Scientists have described 14 possible “evolutionary traps” that humanity could potentially fall into. If this happens, it will, in their opinion, lead to our demise.
The corresponding study was published in the scientific journal Philosophical Transactions of the Royal Society B, reports Science Alert.
Its authors are a group of scientists from Stockholm University in Sweden. According to them, the problem is that human dominance leads to dangerous consequences.
As scientists note, humanity is currently experiencing a polycrisis. This is the existence of several threats at once, including climate change and pandemics.
Humanity is threatened by 14 “evolutionary crises” at the same time. Photo: missisya/Depositphotos
“Humans as a species are incredibly creative. We are capable of innovating and adapting to many circumstances, as well as cooperating on a surprisingly large scale. But these abilities appear to have unintended consequences.” – noted co-author of the study Peter Sjögaard Jørgensen.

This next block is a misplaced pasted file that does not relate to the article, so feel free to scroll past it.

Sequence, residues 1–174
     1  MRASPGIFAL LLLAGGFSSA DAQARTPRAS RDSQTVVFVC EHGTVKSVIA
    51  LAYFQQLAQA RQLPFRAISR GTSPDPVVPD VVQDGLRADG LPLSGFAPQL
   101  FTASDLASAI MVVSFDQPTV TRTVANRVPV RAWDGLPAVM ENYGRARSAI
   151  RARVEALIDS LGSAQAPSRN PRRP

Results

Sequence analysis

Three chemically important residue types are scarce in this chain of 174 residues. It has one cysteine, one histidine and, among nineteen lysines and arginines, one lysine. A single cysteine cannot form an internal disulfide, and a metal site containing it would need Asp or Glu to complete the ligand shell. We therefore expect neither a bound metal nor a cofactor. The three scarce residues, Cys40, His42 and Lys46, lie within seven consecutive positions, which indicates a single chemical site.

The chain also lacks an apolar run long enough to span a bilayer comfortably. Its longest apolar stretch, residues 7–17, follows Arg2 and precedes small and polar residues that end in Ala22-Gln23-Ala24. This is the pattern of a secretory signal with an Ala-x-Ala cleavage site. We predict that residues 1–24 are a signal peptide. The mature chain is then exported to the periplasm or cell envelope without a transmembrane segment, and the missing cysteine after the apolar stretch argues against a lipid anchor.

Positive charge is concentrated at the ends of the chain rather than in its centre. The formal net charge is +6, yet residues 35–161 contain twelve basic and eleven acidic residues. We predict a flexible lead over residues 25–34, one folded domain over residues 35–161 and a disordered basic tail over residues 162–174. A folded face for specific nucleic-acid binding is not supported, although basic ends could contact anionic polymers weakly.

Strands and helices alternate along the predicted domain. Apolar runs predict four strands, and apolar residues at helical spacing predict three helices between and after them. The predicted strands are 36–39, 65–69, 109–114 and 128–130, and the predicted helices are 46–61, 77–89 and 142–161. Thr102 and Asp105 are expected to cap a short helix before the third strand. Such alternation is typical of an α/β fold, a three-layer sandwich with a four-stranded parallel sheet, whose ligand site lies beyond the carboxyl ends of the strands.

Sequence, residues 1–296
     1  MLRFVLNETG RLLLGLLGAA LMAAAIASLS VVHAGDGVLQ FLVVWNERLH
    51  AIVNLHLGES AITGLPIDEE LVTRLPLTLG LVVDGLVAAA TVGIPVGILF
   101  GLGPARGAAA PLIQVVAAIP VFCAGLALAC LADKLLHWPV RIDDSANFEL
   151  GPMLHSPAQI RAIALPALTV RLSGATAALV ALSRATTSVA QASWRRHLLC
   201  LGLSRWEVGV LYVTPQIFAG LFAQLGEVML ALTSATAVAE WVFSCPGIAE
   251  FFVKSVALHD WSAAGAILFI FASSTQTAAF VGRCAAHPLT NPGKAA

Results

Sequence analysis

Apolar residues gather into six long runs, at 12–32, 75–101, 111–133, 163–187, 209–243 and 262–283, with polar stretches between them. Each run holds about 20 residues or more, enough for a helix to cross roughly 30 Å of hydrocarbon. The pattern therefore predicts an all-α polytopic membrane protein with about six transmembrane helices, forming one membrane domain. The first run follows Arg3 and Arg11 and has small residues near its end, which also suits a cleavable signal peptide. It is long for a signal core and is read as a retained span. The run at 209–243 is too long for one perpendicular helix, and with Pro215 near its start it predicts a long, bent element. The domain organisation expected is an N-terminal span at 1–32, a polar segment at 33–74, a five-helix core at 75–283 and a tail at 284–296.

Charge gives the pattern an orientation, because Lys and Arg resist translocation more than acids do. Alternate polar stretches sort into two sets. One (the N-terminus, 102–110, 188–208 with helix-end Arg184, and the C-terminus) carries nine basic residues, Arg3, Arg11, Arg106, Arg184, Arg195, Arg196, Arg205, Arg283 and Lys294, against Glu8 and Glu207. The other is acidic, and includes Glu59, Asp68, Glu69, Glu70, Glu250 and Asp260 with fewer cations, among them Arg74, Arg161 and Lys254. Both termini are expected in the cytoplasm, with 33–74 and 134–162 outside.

Out of 14 possible, scientists identified five global “dead ends”:
- simplification – systems become too specialized to adapt, for example, monoculture agriculture;
- economic “growth for the sake of growth”, which harms well-being;
- overstrain – using more resources than the planet can provide;
- global division – international conflicts;
Another five researchers attributed to technological traps:
- attachment to resources, in particular to fossil fuels;
- chemical pollution of the environment;
- existential technologies (for example, nuclear weapons);
- technological autonomy (in particular, artificial intelligence);
Scientists called the other four “dead ends” structural traps:
- short-sightedness – focusing on short-term economic benefits;
- excessive consumption of goods, which leads to a large amount of waste;
- gap with the biosphere – active urbanization and deterioration of the environment;
- loss of local social capital – the digital world reduces social interaction.
The researchers note that the 12 described problems, in addition to technological autonomy and loss of social capital, are already quite significant. However, “humanity still has a chance.”
“A very simple thing that everyone can do is to be more involved in nature and society, and learn about the positive and negative global consequences of our own local actions.” – explains Jorgensen.
We will remind you that earlier we wrote that scientists simulated the conditions of life on Earth after 250 million years.
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